A five-year follow-up among older people after an outdoor environment intervention
This study investigates older inhabitants’ appreciation of environmental measures taken in their residential area and the effect on perceived difficulty as pedestrians and in outdoor activity. The study is based on data collected with a mailed questionnaire at baseline and at a 5-year follow-up (after intervention) posted to 195 people aged 65+ in a residential area in a medium-sized Swedish town, rather typical for Northern Europe. Appreciation of the environment was analysed overall and in sub-groups. Overall appreciation was higher for women, in particular as regards longer green time at signalised crossings, and for those reporting better perceived health, in particular concerning separation between bicyclists and pedestrians. As concerns changes in perceived difficulty as pedestrians and in outdoor activity, no differences were found, either overall or in sub-groups. However, the study identifies which environmental measures older people appreciate, indicating that certain sub-groups may benefit more from interventions in the outdoor environment.
If you experience problems downloading a file, check if you have the proper application to view it first. In case of further problems read the IDEAS help page. Note that these files are not on the IDEAS site. Please be patient as the files may be large.
As the access to this document is restricted, you may want to look for a different version under "Related research" (further below) or search for a different version of it.
Volume (Year): 27 (2013)
Issue (Month): C ()
|Contact details of provider:|| Web page: http://www.elsevier.com/wps/find/journaldescription.cws_home/30473/description#description|
|Order Information:|| Postal: http://www.elsevier.com/wps/find/supportfaq.cws_home/regional|
References listed on IDEAS
Please report citation or reference errors to , or , if you are the registered author of the cited work, log in to your RePEc Author Service profile, click on "citations" and make appropriate adjustments.:
- John R. Beard & Shannon Blaney & Magda Cerda & Victoria Frye & Gina S. Lovasi & Danielle Ompad & Andrew Rundle & David Vlahov, 2009. "Neighborhood Characteristics and Disability in Older Adults," Journals of Gerontology: Series B, Gerontological Society of America, vol. 64(2), pages 252-257.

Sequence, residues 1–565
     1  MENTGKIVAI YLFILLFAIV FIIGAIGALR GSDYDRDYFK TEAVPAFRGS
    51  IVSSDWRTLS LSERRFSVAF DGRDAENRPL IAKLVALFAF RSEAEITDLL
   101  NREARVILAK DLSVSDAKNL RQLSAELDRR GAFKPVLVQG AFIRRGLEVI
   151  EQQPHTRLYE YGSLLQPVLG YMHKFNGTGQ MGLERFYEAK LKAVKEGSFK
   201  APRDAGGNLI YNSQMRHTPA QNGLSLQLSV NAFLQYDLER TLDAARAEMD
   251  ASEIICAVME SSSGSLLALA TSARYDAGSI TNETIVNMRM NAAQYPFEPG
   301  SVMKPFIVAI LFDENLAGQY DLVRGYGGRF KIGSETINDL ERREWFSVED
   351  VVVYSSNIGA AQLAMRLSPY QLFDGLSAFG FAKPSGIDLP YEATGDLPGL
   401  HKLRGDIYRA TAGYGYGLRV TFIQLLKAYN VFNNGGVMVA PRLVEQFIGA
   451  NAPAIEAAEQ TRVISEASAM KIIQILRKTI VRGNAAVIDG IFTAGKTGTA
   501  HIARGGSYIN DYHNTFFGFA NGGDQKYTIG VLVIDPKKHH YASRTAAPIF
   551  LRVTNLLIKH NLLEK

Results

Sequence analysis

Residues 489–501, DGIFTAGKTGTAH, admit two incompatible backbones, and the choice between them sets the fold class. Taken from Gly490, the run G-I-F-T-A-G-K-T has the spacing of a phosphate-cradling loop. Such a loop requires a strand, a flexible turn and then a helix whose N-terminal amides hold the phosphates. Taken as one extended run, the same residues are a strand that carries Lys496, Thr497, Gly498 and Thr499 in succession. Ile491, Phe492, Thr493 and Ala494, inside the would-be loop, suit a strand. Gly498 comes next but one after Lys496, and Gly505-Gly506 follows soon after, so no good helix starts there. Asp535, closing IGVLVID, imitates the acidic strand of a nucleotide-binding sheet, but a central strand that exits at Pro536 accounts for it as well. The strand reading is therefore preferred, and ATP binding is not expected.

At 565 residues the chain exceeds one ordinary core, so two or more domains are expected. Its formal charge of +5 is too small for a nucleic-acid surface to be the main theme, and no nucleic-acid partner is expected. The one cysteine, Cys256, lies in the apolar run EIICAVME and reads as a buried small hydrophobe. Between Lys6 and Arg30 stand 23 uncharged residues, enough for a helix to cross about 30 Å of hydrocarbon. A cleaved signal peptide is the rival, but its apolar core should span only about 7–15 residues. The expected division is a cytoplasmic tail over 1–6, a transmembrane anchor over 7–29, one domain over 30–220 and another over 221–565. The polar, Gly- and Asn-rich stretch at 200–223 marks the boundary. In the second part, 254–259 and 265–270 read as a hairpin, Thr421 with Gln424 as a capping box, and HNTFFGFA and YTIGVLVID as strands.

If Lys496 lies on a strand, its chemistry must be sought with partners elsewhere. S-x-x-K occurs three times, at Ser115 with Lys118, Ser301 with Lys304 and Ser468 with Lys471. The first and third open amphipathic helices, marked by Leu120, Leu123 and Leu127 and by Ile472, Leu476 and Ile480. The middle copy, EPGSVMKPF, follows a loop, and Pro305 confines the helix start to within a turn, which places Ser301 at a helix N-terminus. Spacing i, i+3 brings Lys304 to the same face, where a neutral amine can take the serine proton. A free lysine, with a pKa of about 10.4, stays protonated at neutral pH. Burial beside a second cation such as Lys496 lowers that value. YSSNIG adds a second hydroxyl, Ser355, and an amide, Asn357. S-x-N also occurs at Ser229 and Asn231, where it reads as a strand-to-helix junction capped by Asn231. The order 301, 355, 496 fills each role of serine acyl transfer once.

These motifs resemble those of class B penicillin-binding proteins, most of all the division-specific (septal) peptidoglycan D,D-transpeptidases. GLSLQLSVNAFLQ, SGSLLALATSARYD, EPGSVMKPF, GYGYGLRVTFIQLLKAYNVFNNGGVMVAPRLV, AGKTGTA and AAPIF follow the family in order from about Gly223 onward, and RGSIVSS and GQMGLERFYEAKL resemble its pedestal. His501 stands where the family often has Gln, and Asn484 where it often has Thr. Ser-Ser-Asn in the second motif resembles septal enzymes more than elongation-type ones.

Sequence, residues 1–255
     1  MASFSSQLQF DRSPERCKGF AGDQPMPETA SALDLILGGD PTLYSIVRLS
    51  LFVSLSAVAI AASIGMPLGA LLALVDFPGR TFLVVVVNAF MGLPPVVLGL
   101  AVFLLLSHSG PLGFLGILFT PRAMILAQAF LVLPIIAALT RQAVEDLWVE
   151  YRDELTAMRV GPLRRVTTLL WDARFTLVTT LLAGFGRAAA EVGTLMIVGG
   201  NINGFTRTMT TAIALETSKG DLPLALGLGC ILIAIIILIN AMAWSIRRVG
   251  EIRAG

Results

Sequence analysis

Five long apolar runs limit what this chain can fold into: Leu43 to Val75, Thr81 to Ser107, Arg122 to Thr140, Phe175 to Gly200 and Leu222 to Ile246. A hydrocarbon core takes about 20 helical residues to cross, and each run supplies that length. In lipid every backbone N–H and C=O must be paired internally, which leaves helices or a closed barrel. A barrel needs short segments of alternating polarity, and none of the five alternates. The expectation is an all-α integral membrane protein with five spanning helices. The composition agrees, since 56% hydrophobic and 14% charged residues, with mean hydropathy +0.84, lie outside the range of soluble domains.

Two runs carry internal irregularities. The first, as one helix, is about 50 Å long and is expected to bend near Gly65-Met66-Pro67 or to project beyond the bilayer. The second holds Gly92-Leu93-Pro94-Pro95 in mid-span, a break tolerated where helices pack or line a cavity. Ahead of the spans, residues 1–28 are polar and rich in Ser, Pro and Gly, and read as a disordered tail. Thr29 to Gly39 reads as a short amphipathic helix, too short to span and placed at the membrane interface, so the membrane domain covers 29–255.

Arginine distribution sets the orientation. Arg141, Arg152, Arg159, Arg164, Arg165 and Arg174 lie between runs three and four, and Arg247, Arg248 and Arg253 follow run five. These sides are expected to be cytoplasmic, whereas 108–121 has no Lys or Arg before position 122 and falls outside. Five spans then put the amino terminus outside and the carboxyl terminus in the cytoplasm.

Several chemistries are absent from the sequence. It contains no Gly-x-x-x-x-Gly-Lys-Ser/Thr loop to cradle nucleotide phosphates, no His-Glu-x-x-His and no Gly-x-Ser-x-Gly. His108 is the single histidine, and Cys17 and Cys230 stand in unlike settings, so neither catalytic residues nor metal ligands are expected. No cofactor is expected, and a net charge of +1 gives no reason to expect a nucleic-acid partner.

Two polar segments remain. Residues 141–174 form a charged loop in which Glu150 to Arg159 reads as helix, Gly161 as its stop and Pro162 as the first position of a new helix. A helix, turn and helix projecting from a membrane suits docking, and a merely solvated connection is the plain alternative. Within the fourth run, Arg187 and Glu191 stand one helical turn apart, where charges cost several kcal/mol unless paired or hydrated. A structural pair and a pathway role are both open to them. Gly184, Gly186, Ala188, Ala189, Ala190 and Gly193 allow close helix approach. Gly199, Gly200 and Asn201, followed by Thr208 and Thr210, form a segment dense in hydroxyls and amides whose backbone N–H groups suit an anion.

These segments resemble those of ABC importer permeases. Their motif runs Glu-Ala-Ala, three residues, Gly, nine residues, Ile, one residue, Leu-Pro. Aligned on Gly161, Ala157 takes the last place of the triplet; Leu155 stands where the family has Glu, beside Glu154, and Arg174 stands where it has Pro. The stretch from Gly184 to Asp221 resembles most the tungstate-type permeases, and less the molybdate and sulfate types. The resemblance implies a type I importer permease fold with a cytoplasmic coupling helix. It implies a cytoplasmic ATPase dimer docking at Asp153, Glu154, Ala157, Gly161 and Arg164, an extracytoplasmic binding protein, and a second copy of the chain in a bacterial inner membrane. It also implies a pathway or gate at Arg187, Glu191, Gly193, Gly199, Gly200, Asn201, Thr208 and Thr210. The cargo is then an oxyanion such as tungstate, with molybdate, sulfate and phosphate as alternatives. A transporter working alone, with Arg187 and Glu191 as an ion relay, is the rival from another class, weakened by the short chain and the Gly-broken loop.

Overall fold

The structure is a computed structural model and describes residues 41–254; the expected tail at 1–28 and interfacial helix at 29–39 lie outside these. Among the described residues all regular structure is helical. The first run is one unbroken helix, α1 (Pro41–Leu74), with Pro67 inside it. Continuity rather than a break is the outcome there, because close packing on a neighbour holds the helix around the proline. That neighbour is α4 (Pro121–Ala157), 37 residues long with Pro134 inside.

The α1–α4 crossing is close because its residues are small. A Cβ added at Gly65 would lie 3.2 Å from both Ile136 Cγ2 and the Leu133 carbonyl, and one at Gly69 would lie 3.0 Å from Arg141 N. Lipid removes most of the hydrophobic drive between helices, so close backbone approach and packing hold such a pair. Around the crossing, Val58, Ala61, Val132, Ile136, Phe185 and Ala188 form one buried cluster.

- Takemi Sugiyama & Catharine Ward Thompson, 2007. "Outdoor environments, activity and the well-being of older people: conceptualising environmental support," Environment and Planning A, Pion Ltd, London, vol. 39(8), pages 1943-1960, August.
- Bowling, Ann & Stafford, Mai, 2007. "How do objective and subjective assessments of neighbourhood influence social and physical functioning in older age? Findings from a British survey of ageing," Social Science & Medicine, Elsevier, vol. 64(12), pages 2533-2549, June.
- Sara Wilcox & Melissa Bopp & Larissa Oberrecht & Sandra K. Kammermann & Charles T. McElmurray, 2003. "Psychosocial and Perceived Environmental Correlates of Physical Activity in Rural and Older African American and White Women," Journals of Gerontology: Series B, Gerontological Society of America, vol. 58(6), pages P329-P337.
- Wennberg, Hanna & Hydén, Christer & Ståhl, Agneta, 2010. "Barrier-free outdoor environments: Older peoples' perceptions before and after implementation of legislative directives," Transport Policy, Elsevier, vol. 17(6), pages 464-474, November.
When requesting a correction, please mention this item's handle: RePEc:eee:trapol:v:27:y:2013:i:c:p:134-141. See general information about how to correct material in RePEc.
For technical questions regarding this item, or to correct its authors, title, abstract, bibliographic or download information, contact: (Shamier, Wendy)
If you have authored this item and are not yet registered with RePEc, we encourage you to do it here. This allows to link your profile to this item. It also allows you to accept potential citations to this item that we are uncertain about.
If references are entirely missing, you can add them using this form.
If the full references list an item that is present in RePEc, but the system did not link to it, you can help with this form.
If you know of missing items citing this one, you can help us creating those links by adding the relevant references in the same way as above, for each refering item. If you are a registered author of this item, you may also want to check the "citations" tab in your profile, as there may be some citations waiting for confirmation.
Please note that corrections may take a couple of weeks to filter through the various RePEc services.